Type 2 diabetes affects more than 30 million individuals, and the youth account for 20% to 50% of new onset diabetes cases.
Previous research has demonstrated that low levels of vitamin D are associated with an increased risk of type 2 diabetes. Vitamin D has been shown to play a role in reducing inflammation and inhibiting β-cell destruction.
According to a new study 2 weeks ago in Nutrients, researchers investigated the effect of high-dose vitamin D supplementation on microcirculation, inflammatory markers, and peripheral neuropathy symptoms in patients with type 2 diabetes.
This study included 67 patients with type 2 diabetes and peripheral neuropathy. The research team investigated the effect of different doses of vitamin D supplementation on microcirculation, neuropathy symptoms, and inflammatory markers in patients with type 2 diabetes. Each patient was given either 5,000 IU or 40,000 IU once a week for a 24-week period. Neuropathy assessment included neuropathic symptomatic score, neuropathic disability score, and visual analogue scale. Cutaneous microcirculation was assessed by laser Doppler flowmetry. Laboratory assessment included total cholesterol, C-reactive protein, HA1c, vitamin D 25-hydroxy, parathyroid hormone, interleukin (IL)-1β, IL-6, IL-10, and tumor necrosis factor-α. These were assessed at baseline and after treatment.
A vitamin D deficiency or insufficiency was identified in 78% of the patients. As a result, vitamin D supplementation at 40,000 IU once a week demonstrated a significant decrease in neuropathy severity and an improvement of cutaneous microcirculation. In addition, there was a reduction in IL-6 levels and an increase in IL-10 levels. No changes were shown in patients that received vitamin D supplementation at 5,000 IU once per week.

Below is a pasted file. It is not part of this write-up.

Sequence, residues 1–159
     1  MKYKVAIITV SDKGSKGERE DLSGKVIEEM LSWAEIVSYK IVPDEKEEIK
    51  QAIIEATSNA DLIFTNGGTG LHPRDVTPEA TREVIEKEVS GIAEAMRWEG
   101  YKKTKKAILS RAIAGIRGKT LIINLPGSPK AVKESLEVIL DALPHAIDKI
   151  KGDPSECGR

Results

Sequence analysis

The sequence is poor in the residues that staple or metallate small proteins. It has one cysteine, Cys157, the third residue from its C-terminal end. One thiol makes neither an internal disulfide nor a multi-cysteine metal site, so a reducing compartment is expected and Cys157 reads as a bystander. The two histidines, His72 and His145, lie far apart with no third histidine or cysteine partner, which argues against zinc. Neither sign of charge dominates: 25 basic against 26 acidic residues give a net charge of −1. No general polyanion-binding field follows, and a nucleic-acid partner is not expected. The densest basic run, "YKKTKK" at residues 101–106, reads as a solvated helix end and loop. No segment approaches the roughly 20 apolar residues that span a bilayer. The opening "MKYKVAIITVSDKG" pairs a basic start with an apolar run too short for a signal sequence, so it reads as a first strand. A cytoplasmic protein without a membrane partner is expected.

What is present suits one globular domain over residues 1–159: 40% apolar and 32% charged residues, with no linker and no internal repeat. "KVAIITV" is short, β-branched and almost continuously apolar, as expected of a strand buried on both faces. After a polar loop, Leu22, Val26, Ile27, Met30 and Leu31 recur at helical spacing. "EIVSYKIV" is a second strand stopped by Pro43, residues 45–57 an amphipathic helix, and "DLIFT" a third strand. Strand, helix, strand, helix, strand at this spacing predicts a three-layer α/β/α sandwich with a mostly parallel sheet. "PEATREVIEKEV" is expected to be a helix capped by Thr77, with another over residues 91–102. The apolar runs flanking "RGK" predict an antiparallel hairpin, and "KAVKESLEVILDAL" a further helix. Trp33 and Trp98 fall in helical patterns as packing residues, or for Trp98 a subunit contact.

This study demonstrated that high-dose vitamin D supplementation can reduce inflammation and improve microcirculation and neuropathy symptoms in patients with type 2 diabetes.
It is important to take vitamin K along with vitamin D to prevent against arterial calcification. It is also essential to maintain adequate levels of all the fat-soluble vitamins, as evidenced by ever-increasing research that demonstrates their intricate interrelationships with other nutrients.
All chronic conditions are multifactorial, and many times the need for vitamin D supplementation is part of that picture. Other nutrients that can support neuropathy symptoms include benfotiamine, folate, cobalamin, pyridoxal-5-phosphate, acetyl-L-carnitine, and lipoic acid.
By Michael Jurgelewicz, DC, DACBN, DCBCN, CNS
Source: Karonova T, Stepanova A, et al. High-dose vitamin D supplementation improves microcirculation and reduces inflammation in diabetic neuropathy patients. Nutrients. 2020;12(9):2518. doi:10.3390/nu1209518.